MOKENA, Illinois: Remember the so-called millennium bug? As the year 2000 approached the planet was put on yellow alert, with hundreds of thousands of businesses parting with eyewatering sums to protect themselves against a threat that never was.
Now US-headquartered Nemertes Research Group is warning that cyber-doomsday looms again, because by 2010 the worldwide web will be unable to cope with the volumes of information it processes.
A year-long long study by the company into data flows and internet infrastructure claims severe bottlenecks could arise within the next three to five years; and that investment in the region of $137 billion (€92.6bn; £66.5bn) is needed to upgrade broadband networks.
Nemertes estimates that in the US alone between $42bn and $55bn is needed to bridge the gap between capacity and demand.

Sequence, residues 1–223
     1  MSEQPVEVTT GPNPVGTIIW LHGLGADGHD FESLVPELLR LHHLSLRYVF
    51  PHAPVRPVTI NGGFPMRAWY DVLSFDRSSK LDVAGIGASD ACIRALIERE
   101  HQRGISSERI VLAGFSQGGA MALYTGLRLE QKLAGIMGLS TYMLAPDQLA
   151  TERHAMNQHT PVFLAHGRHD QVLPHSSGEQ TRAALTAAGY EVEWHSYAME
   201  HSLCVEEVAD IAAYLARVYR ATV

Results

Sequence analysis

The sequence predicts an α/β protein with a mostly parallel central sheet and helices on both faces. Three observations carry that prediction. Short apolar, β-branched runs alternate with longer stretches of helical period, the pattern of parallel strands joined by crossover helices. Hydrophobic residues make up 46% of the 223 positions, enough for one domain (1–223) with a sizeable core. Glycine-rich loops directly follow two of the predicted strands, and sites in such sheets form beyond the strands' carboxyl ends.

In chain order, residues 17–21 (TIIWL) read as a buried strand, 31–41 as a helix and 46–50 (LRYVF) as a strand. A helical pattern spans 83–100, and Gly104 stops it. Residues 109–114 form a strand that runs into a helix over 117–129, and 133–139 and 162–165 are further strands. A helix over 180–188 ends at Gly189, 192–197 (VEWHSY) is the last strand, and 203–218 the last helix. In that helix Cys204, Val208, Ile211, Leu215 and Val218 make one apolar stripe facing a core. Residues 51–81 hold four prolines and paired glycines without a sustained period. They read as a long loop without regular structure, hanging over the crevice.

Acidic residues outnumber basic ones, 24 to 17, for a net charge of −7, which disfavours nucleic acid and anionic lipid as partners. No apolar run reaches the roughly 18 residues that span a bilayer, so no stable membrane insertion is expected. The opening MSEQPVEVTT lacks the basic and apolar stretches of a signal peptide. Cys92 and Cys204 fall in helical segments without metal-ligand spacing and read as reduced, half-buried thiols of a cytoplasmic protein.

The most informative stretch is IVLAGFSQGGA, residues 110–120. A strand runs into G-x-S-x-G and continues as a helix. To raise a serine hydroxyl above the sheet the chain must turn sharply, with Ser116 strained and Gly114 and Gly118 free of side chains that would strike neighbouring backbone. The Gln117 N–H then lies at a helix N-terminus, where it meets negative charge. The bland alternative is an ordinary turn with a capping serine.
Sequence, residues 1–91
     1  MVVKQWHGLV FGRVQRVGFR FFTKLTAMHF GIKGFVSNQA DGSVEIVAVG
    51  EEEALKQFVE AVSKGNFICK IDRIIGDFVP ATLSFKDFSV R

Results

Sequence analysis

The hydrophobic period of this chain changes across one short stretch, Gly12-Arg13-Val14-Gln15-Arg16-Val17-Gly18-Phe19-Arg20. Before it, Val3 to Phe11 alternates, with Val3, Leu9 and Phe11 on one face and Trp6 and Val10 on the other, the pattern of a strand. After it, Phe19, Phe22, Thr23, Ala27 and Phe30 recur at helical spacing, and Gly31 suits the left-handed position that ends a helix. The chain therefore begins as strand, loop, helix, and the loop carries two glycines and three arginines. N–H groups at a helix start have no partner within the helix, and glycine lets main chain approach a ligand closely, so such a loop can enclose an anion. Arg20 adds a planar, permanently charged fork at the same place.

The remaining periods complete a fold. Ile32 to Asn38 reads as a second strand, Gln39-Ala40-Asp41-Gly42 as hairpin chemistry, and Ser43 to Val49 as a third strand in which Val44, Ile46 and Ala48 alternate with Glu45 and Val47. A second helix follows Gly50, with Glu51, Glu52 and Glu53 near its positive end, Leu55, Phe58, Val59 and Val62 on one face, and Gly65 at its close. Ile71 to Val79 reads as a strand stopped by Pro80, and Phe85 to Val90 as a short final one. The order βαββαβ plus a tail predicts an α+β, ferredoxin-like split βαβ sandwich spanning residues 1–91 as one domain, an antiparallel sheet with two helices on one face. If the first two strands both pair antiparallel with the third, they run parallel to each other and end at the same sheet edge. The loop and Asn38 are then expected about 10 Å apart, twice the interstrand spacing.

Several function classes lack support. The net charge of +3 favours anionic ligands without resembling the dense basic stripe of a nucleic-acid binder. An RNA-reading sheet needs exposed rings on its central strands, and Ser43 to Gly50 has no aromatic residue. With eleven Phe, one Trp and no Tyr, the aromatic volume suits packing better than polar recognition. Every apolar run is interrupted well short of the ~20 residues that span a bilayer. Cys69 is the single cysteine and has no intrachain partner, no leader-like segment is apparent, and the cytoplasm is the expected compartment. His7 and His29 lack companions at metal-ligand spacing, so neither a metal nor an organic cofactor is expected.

The report stops short of predicting total meltdown, but warns that innovation could be stifled: "The next Google, YouTube, or Amazon might not arise, not because of a lack of demand, but due to an inability to fulfil that demand.
"Rather like osteoporosis, the underinvestment in infrastructure will painlessly and invisibly suck competitiveness out of the economy."
The report was part-funded by the Internet Innovation Alliance which campaigns for universal broadband in the US.
Data sourced from The Times of India; additional content by WARC staff